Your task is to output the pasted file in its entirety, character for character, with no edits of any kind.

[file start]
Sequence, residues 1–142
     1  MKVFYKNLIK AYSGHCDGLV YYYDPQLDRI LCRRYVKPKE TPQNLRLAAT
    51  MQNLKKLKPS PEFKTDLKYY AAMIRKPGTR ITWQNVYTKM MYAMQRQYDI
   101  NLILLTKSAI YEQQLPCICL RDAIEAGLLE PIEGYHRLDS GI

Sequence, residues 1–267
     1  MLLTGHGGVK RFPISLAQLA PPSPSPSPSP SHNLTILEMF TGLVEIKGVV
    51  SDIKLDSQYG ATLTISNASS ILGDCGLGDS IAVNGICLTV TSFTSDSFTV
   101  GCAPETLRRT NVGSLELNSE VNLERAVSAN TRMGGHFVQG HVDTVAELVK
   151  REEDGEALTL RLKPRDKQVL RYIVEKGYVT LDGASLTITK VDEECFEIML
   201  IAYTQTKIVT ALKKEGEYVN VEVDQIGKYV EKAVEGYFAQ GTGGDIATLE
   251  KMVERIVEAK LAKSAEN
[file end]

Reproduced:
Sequence, residues 1–142
     1  MKVFYKNLIK AYSGHCDGLV YYYDPQLDRI LCRRYVKPKE TPQNLRLAAT
    51  MQNLKKLKPS PEFKTDLKYY AAMIRKPGTR ITWQNVYTKM MYAMQRQYDI
   101  NLILLTKSAI YEQQLPCICL RDAIEAGLLE PIEGYHRLDS GI

Sequence, residues 1–267
     1  MLLTGHGGVK RFPISLAQLA PPSPSPSPSP SHNLTILEMF TGLVEIKGVV
    51  SDIKLDSQYG ATLTISNASS ILGDCGLGDS IAVNGICLTV TSFTSDSFTV
   101  GCAPETLRRT NVGSLELNSE VNLERAVSAN TRMGGHFVQG HVDTVAELVK
   151  REEDGEALTL RLKPRDKQVL RYIVEKGYVT LDGASLTITK VDEECFEIML
   201  IAYTQTKIVT ALKKEGEYVN VEVDQIGKYV EKAVEGYFAQ GTGGDIATLE
   251  KMVERIVEAK LAKSAEN